We Are All Cyprus

Whilst noises are being made that Cyprus is an isolated case, the slightest interrogation of the situation reveals quite the opposite. Where Cyprus goes, we likely all will follow. We are all Cyprus.

The key failings that saw Cyprus go cap in hand to the central banks were a bloated banking sector, exposure to bad debt (primarily Greek but elsewhere) and a crisis in public finances.

Bloated Banking Sector

The banking sector of Cyprus has grown too big relative to the real economy of Cyprus. The banking sector has liabilities worth 835% of the entire annual income of the tiny nation of 1.1m people. Sadly, the bulk of these loans were made to Greece.

However, the UK has a bloated banking sector over 500% the size of its GDP, Japan is more than 200% whilst the US, Germany, France and others exceed GDP aswell with the trend being a rise in the size of the sector relative to GDP.

Exposure to Toxic Assets

Cypriot banks started to bleed money as a principal bond holder of (lender to) Greece. The Greek economy is being eviscerated by bogus austerity policies which have seen unemployment rise to 26% (57% for young people), poverty so endemic that people can no longer afford to bury their dead, a resurgent fascism and it’s young people leaving the country in unprecedented numbers. This total obliteration of the Greek economy rendered the bonds worthless and left Cypriot Banks exposed.

This story should sound achingly familiar to informed citizens across Europe and the US. In fact, the exposure of Cyprus is trifling compared to the nightmare of toxic assets the rest of us are simply waiting to explode.

The financial crisis of 2007/8 was the first in what will be a wave of collapse in the derivatives market. This is where the lid really comes off the whole thing.

The US derivatives market contains $700trn of debts. Global GDP stands at $69.4trn a year. This means that primarily Wall Street and the City of London have run up phantom paper debts of more than ten times of the annual earnings of the entire planet.

Not only can Wall Street not pay it back, the combined earning power of the earth could not pay it back in less than ten years if every last cent of our productive power went solely to pay off this debt.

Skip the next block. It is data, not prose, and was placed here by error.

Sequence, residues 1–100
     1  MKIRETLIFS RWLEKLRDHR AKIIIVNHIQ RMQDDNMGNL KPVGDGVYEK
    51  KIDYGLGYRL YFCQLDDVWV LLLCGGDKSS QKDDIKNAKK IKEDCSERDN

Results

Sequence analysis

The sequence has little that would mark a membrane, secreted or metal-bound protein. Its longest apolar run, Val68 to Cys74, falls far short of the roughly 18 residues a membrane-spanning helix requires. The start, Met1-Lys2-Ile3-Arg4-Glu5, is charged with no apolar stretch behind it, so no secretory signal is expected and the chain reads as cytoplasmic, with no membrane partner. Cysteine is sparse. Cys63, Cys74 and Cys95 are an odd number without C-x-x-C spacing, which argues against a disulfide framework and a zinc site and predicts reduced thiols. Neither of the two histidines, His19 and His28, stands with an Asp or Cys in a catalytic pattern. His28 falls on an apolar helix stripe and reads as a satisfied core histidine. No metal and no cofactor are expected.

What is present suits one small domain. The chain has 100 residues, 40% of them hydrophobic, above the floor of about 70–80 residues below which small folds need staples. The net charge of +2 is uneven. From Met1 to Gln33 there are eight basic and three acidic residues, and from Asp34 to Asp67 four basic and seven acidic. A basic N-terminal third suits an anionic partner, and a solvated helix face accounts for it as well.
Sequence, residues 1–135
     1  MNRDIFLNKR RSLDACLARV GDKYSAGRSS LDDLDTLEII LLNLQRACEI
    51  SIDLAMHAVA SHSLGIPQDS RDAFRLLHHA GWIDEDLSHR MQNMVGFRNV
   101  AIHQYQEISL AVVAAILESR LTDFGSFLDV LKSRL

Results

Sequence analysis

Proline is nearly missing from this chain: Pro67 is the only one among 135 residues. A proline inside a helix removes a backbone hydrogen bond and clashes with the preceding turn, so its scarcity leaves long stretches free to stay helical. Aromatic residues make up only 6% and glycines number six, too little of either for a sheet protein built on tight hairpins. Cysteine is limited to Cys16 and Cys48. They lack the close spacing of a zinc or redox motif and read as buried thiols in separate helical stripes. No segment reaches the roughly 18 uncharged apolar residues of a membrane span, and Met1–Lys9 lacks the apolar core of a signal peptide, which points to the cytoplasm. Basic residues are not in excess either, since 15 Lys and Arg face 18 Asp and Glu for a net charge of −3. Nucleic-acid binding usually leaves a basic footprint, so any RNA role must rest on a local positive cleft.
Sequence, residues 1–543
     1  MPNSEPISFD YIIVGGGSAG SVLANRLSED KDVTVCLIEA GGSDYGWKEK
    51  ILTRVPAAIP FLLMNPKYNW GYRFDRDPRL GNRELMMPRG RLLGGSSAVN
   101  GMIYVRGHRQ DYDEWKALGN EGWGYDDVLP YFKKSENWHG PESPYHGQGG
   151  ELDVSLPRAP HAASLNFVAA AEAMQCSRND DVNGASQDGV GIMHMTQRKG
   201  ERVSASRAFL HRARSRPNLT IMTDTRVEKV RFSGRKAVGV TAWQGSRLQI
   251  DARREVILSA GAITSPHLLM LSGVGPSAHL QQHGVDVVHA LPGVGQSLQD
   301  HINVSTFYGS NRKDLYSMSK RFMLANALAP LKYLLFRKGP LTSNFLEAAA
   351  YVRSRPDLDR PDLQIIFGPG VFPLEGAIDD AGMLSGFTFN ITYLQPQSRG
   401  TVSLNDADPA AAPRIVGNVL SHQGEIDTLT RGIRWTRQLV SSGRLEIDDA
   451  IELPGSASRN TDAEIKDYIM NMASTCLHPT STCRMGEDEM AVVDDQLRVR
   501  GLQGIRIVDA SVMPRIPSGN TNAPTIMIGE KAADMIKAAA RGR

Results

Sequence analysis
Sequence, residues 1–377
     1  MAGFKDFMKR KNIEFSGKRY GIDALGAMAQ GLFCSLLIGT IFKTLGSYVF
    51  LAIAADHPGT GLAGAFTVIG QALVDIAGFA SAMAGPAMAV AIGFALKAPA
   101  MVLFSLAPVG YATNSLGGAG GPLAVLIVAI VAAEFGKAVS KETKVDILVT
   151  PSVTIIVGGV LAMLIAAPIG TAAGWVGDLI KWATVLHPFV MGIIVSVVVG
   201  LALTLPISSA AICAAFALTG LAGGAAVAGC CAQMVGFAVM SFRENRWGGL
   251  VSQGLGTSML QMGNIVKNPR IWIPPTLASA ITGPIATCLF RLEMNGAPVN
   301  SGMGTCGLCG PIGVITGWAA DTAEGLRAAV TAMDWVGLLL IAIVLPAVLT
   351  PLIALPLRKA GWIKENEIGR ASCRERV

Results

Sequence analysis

It is important to note that this debt wasn’t used to invest, it wasn’t used to build roads or schools or hospitals, or create breakthroughs in science and technology or feed the poor. This debt was invented purely to make a small pool of people filthy rich. It was made because banks realised they could effectively print their own money, by creating debt.

Public Debt and Deficit

We are witnessing the deliberate transformation of a private debt crisis into a public debt crisis. Neoliberalism not only caused the Financial Crisis, but also the conditions of public and private indebtedness which made it impossible to resolve.

Cyprus currently has public debts worth 127% of its GDP. While this sounds quite terrible, it’s not far off other countries who have supported their banking sector over their real economy.

The US national debt now stands at over $16trn, more than 100% of its GDP. Public debt, as a percentage of GDP of the OECD countries as a whole (the 34 leading economic powers inc US, UK, Germany, Japan etc) went from 70% in the 1990’s, to more than 100% in 2011 and is estimated to hit 220% by the end of 2013.

This is the result of a coordinated, deliberate policy of reducing tax revenues on corporations and wealthy individuals, increasing corporate subsidies and the privatisation of public services – the costs of which have been hidden from the public by increased public debt.

We’ve hit crisis and it is the public programmes who are taking the blame and the hit rather than the flagrant corruption, the waste of tax payer money, the tax evasion and the bailouts which got us here in the first place.

What Does it Mean for the Rest of Us?

The global 99% need to watch the developments in Cyprus very closely. The government of Cyprus passing this measure will mean the effective end of private wealth for the 99%. It sets the precedent of governments legislating away a person’s right to their own money, at the direct request of this renegade banking system. It says that at the request of the Banks, any government can flip a switch and confiscate money direct from the accounts of its citizens. If anyone was hanging on to Capitalism for the sake of private property and wealth laws….it’s time to give up the ghost. It is over.

It is time to withdraw our money from this system now. We cannot afford to wait for the legislation to hit the shores of Britain, the US and elsewhere. Let us not even indulge in wistful dreams that it won’t happen to us all. It will.

Take Action

<****** width="560" height="315" src="http://www.youtube.com/embed/4Z9WVZddH9w" frameborder="0" allowfullscreen></******>

you can watch this free online and start thinking about what alternatives might look like.

http://www.off-grid.net/ - learn the skills required for self sufficiency and end your dependency on this system. Learn to grow food, build sustainable living structures, grow food and harness renewable energy sources.

Reply With Quote

Powered by vBulletin Copyright 2000-2010 Jelsoft Enterprises Limited.

Search Engine Friendly URLs by vBSEO